reproduction. The flower changes into fruit after pollination and fertilization.

Like leaves, flowers also have stalk. The stalk of a flower is called pedicel.

There are stalk less flowers also. eg. Banana.

23. What are the parts of flower?

A flower has four parts, viz. Calyx, Corolla, Androecium and Gynoecium

24. What is Calyx?

The green, leaf like parts in the outermost circle of a flower are called sepals. They
protect the flower when it is a bud.

25. What is Corolla?

The brightly coloured parts of a flower are called Petals. They are the second part
of the flower They can be of different colours, shapes and sizes.

26. What is Androecium?

The stamen is the third part of a flower. It is the male part of the flower. Each
stamen consists of a stalk called filament and a bag like structure on the top of
filament called anther. Anther forms pollen grains which are the male gametes.

27. What is Gynoecium?

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It is the inner most part of the flower. It is the female part of a flower. A carpel has
three parts. The upper part of the carpel is the stigma. The middle part is called
style. The lower swollen part is called ovary. Ovary contains ovule which has the
egg (female gamete).

28. What is storage roots?

The tap root becomes thick and fleshy due to storage of food materials. Based on
the shape of the root, they are

a) Conical: The root is broad at the apex and gradually tapers towards the base like
a cone. eg: Carrot

b) Fusiform: When the root is swollen in the middle and tapers gradually towards
both the ends like a spindle, it is called fusiform. eg: Radish.

c) Napiform: When the root is swollen at the apex coming almost spherical and
tapers suddenly towards the base give a top-like appearance, it is called napiform.
eg: Turnip, beetroot.

29. What are respiratory roots?

Plants which grow in saline swamps near the sea shore develop numerous upright
aerial roots called respiratory roots. They help in breathing. eg. Avicennia (vellai
alayatri) It is found at Pitchavaram in Tamilnadu.

30. What is supporting roots?

a) Prop Roots: A number of roots are produced from aerial branches. These roots
grow vertically downward and fix into the ground. These roots act as pillars and

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give additional support to the main plant. Such roots are called prop roots. eg.
Banyan.

b) Stilt Roots: Plants with delicate stems develop short and thick supporting roots
from the basal part of the stem. They fix to the ground and give support.Such roots
are called stilt root. eg. Maize, sugarcane.

31. What is tuber?

It is modified underground stem which develops by swelling of tip of stem. It


stores a large amount of food. Eg: Potato

32. What is Rhizomes?

These are thickened stem that grow horizontally under the soil. Eg ginger.

33. What are the types of creepers?

The Creepers are of two types.

(a) Runners: eg. Grass, Pumpkin

(b) Stolons: eg. Strawberry

34. What is Phylloclade?

In some xerophytes, the leaves are reduced to spines. The function of the leaves is
taken over by the stem which is green and flat. Such a stem is called phylloclade.
eg. Opuntia

35. What is modification of leaf?

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a) Leaf Tendril: In some plants, the leaf is modified into slender, wiry coiled
structure, known as tendril. They help in climbing. eg. Pea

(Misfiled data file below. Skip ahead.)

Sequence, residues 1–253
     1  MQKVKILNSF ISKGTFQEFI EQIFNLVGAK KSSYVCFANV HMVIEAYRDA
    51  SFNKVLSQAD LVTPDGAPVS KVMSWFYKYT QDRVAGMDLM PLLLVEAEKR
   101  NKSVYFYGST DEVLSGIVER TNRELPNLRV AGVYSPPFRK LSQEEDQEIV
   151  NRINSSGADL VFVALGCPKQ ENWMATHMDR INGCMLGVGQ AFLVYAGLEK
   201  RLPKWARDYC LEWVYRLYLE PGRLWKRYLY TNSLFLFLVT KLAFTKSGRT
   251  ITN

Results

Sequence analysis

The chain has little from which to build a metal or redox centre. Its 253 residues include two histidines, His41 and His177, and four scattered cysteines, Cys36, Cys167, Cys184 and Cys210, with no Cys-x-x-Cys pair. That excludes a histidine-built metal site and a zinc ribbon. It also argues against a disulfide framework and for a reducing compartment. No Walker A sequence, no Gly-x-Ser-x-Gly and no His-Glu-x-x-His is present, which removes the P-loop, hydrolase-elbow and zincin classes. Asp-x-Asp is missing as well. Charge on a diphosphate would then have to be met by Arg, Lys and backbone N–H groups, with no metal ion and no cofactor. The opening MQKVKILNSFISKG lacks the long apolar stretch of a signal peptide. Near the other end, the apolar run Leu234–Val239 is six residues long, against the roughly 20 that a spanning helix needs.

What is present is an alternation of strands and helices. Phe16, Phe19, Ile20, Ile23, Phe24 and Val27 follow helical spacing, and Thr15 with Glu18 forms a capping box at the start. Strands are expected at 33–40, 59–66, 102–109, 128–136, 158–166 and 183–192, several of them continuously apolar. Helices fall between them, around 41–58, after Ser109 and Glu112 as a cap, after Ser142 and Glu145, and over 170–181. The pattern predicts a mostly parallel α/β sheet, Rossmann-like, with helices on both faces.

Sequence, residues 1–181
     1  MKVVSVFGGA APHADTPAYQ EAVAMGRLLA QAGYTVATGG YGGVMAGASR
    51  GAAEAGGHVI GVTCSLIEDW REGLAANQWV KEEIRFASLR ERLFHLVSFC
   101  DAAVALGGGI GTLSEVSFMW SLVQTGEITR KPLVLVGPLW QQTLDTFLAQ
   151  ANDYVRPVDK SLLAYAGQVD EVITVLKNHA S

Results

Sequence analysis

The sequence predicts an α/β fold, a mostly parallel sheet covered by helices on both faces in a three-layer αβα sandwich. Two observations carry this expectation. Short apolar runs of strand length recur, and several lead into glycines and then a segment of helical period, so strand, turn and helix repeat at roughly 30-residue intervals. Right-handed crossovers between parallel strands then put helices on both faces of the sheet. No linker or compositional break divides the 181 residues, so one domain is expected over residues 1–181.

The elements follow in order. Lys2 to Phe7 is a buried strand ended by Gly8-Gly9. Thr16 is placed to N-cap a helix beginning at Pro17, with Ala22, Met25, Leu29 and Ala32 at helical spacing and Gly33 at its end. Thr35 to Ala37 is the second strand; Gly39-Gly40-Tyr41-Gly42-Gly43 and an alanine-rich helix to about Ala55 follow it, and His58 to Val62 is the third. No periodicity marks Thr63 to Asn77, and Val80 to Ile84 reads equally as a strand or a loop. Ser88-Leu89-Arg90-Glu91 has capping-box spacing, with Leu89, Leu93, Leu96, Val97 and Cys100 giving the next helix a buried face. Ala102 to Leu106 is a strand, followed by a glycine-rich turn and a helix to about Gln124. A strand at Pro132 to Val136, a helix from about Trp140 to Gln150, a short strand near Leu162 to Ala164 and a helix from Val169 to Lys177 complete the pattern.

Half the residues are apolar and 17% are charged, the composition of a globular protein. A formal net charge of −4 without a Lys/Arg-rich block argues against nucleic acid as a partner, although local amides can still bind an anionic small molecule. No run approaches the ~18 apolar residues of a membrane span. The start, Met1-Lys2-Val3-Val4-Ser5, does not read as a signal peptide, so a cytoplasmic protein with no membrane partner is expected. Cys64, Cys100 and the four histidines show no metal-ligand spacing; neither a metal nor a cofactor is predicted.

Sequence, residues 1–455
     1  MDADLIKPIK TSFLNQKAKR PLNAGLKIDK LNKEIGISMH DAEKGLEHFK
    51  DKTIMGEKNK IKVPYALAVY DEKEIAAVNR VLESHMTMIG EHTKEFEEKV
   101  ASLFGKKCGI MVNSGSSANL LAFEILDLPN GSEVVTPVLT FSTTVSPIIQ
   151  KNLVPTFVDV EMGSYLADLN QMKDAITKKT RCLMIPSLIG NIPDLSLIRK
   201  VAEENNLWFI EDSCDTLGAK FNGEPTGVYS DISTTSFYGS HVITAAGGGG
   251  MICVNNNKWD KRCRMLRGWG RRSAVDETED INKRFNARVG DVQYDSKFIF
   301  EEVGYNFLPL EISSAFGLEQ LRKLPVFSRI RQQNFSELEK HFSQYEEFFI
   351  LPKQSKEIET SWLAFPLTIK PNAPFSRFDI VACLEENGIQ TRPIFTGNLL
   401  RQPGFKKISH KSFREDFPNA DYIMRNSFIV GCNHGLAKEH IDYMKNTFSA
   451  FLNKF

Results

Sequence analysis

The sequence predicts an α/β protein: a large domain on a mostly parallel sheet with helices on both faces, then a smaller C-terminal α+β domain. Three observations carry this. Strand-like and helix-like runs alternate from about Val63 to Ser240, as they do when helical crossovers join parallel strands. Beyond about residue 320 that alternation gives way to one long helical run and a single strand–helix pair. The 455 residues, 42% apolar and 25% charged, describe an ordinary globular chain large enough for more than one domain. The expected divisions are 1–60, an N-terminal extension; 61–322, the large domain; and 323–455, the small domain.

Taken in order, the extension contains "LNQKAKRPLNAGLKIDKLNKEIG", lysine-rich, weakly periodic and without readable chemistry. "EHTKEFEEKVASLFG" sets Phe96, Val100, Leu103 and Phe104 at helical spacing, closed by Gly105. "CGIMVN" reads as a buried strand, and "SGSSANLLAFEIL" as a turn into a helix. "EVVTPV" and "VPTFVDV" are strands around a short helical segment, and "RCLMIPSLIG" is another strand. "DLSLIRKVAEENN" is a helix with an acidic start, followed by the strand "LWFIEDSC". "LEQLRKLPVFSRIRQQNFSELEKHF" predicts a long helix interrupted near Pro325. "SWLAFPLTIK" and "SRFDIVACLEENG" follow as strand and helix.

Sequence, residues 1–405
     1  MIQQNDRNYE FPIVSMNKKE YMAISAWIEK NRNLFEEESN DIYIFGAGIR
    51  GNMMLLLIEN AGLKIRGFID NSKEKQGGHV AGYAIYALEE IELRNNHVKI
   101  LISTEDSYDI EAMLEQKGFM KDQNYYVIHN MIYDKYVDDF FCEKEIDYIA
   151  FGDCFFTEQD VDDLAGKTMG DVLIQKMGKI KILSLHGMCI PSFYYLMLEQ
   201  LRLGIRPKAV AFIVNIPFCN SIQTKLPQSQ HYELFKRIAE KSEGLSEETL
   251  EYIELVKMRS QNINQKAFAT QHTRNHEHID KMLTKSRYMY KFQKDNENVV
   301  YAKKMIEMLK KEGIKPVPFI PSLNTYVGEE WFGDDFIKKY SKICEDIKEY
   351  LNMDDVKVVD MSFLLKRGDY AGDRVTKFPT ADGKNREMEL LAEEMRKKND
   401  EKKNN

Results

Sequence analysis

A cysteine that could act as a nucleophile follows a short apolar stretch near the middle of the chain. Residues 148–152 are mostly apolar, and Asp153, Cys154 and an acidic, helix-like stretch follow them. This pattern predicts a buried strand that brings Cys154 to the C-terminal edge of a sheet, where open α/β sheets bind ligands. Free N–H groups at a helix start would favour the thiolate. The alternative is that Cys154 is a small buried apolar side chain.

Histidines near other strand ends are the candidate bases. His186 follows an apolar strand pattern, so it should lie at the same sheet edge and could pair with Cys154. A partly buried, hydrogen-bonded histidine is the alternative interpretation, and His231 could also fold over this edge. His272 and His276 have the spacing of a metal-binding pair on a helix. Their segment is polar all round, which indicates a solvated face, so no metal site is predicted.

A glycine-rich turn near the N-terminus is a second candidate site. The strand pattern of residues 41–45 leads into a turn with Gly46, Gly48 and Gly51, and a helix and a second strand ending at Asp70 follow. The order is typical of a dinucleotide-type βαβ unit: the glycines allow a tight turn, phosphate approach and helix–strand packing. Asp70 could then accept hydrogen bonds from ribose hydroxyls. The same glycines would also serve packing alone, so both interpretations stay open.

b) Leaf-Spine: In opuntia, the leaves are reduced to spines. They are protective in
function and prevent transpiration. eg. Opuntia.

c) Pitcher: In some plants, the leaves are modified into pitcher to trap insects to
fulfill their nitrogen deficiency. eg. Nepenthes.

d) Bladder: In some plants, the leaf is modified into a bladder, to trap insects. eg.
Utricularia. (Bladder-wort)

36. What are kinds of stem?

perform their various functions. Based on the texture, stems of plants are grouped
under three broad categories.

1) Reduced Stems: In some plants, the stem is reduced to small disc. Nodes and
inter-nodes are absent in the disc. eg. Radish, carrot, turnip, onion.

2) Erect Stems: Most of the flowering plants possess upright erect woody stems.

eg. Bamboo, banyan, eucalyptus, coconut

3) Weak Stems: There are thin, soft and delicate stems which cannot stand erect
without support. They are two types.

 Upright Weak Stems: They may be twiners or climbers

a) Twiners: The stems are long, slender, flexible and very sensitive. They coil
around an upright support without any special structure. eg. bean.

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b) Climbers: They climb up the support with some clinging structures eg. Betelvine
(vetrilai), pepper (Milagu).

 Prostrate Weak Stems: These stems spread over the ground. They may be
trailers or creepers. eg. Tridax (vettukaya poondu).

37. What are the types of tropism?

There are three types of tropism.

a) Phototropism: The tendency of the plant parts to grow either towards or away
from the direction of sunlight, is called phototropism. Stem grows towards the
sunlight. So, stem is positively phototropic. Root grows away from the sunlight.
So, root is negatively phototropic.

b) Geotropism: Roots tend to grow towards the soil or gravity. This is called
geotropism. Root is positively geotropic and stem is negatively geotropic.

c) Hydrotropism: The roots tends to grow towards the direction of water,

where as stem does not. So, root is positively hydrotropic and stem is negatively
hydrotropic.
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3. Crop Production and Management

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1.Give note on Indian agriculture?

India is an agricultural country. We all totally depend on agriculture for our basic